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Topher Payne: Is McDonald’s supersizing the importance of gender roles?

Playwright and writer Topher Payne

I go to McDonald’s. I can’t say I’m proud of it, but I’m a sucker for cheap and convenient, which was a real problem back when I was dating. I’m fully aware of the hidden costs of scarfing down a McChicken and a McDiet McCoke while sitting in McTraffic, and that price will be paid by the size of my ass. But we all do what we have to do.

I had birthday parties at McDonald’s as a (fat) child. I survived in New York on $10 a day eating nothing but food served under those magical golden arches, and other than the mild chest pains, I was really grateful for them. Their MSG runs deep in my veins.

So I’m at the drive-thru, offering up my handful of quarters for my meal (because you can do that there), and the woman at the window is taking another order, apparently for a Happy Meal. First, she asks, “Apples or fries?” which I think is pretty neat, if fundamentally flawed. Who eats apples with a cheeseburger? That’s not a logical culinary combo.

It’s the sort of haphazard three in the morning meal that would be thrown together by a drunk dude based upon what happens to be in his kitchen: “Let’s see, I’ll have a cheeseburger, some apple sticks, this can of water chestnuts and half a jar of olives.” While the logic of the meal escapes me, I can appreciate what they’re going for. Obviously, things have changed since I was a kid.

Or perhaps they haven’t, because the drive-through employee’s next question is one I’ve heard for thirty years: “Girl toy or boy toy?” The rational assumption here is that one of the Happy Meal toys has a penis, and one has a vagina – because that would be the difference between boys and girls.

Now, I’m not a parent, but if I were I would take real issue with serving my child a meal that includes a My Little Pony with a cervix. And then my kid would have all these questions, and I’d say, “Hush, child, stop your incessant questions regarding your toy’s genitals. Daddy’s watching his stories. Now finish your apple slices and freshen my martini.”

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Topher Payne: Seems like old times

Playwright and writer Topher Payne

It’s after midnight in Washington, D.C., and I’m at Trio Restaurant with my best friend from high school, Kerstin. I haven’t seen her in a decade. We’re friends on Facebook, but keeping up with old friends via social media is like keeping up with the exploits of Amanda Bynes. You get the headlines, occasional in-depth reports, but you just can’t make sense of the whole story.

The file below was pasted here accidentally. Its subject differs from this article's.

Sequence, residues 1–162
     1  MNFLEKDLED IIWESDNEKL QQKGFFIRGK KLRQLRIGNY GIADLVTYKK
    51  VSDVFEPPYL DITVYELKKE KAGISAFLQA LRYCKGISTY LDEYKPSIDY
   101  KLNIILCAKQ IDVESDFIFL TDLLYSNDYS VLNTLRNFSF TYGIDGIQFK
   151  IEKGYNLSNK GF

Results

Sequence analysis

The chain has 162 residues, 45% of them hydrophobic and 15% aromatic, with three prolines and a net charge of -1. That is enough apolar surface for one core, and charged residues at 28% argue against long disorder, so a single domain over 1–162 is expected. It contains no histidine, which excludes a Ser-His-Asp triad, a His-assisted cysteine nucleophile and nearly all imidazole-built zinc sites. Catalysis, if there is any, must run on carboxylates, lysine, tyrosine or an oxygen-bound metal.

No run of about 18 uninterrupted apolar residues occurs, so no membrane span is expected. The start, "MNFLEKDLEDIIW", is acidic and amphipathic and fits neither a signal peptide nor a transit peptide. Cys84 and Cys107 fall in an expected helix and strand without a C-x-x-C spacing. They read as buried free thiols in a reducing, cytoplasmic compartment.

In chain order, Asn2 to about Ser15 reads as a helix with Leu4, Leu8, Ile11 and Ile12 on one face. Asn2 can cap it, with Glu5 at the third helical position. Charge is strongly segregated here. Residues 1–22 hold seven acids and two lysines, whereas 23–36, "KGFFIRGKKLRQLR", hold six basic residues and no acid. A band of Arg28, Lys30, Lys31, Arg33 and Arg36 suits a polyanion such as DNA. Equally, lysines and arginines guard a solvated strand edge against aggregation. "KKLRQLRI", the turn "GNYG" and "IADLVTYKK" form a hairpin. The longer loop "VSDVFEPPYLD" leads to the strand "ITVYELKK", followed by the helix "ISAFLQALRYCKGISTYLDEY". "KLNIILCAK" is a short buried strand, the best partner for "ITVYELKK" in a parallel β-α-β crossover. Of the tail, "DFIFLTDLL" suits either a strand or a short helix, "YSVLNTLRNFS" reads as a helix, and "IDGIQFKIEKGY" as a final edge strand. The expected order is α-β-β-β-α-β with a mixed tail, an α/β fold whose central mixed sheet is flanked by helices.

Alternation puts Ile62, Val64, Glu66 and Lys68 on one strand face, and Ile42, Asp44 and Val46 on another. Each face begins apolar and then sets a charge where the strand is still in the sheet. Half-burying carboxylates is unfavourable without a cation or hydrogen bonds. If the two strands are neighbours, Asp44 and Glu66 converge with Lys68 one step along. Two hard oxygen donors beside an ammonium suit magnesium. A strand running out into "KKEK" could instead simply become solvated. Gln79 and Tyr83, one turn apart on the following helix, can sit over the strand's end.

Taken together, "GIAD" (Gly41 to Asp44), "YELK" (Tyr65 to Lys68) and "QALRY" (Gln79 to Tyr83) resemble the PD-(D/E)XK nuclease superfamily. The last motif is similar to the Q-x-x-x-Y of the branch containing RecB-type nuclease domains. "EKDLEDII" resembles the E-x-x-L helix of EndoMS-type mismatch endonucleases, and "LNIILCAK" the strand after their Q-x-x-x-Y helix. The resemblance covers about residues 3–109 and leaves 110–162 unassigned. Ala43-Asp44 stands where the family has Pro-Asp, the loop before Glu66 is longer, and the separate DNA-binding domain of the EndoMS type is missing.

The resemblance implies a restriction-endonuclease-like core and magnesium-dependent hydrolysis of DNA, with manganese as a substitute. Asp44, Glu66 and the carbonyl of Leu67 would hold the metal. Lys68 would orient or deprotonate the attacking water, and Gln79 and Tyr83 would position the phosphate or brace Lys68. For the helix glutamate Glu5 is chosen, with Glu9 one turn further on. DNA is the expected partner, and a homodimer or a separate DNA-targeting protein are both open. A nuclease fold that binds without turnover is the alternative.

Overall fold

We look, sound, and interact exactly as we did at age 15. When you’re a teenager, you assume you’re going to grow up and become a completely different person. At some point your life will reach that point in the movie where there’s a clever transition and the child actor is replaced by the adult actor.

But then 20 years go by, and you realize the grownup version of you is still being played by you. This is horrifyingly bad casting — like Lohan-as-Liz-Taylor bad. You do not have the mind of an adult, and have no business being in charge of things.

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Topher Payne: Tag. You’re it.

Playwright and writer Topher Payne

I came out to the customer care lady at the cable company. I’d called because I decided I wanted to watch “The Prizewinner of Defiance, Ohio,” and my cable box, confused that anyone would wish to see this film, froze up completely.

So I called the help number on my screen, and the representative addressed me by my husband’s name.

I said, “No, this is Topher, his husband. I’m authorized on the account.”

She replied, “Oh, yes, I see. You’re the other Mr. Payne. What can I do for you?”

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Topher Payne: You’ve got male

Playwright and writer Topher Payne

When I was 19, I managed to land a job in Atlanta, and I moved here without even visiting first. I just found an apartment online that I could afford, got approved, packed up my stuff and came for the keys. Had I visited the city beforehand, I would have realized why apartments were so cheap by Gwinnett Place Mall.

But even in Duluth, I was still totally connected to the hot and happening Atlanta gay scene, thanks to the 1990s uniter of the masses, America Online.

For the Millennials reading this, allow me to explain the process of trolling for strangers online during the Clinton administration. Disable your call waiting, dial into America Online, if it’s peak hours you might have to try a couple different numbers, then sign in as one of your six optional usernames, which America Online specifically offers for purposes of anonymous cyber sex.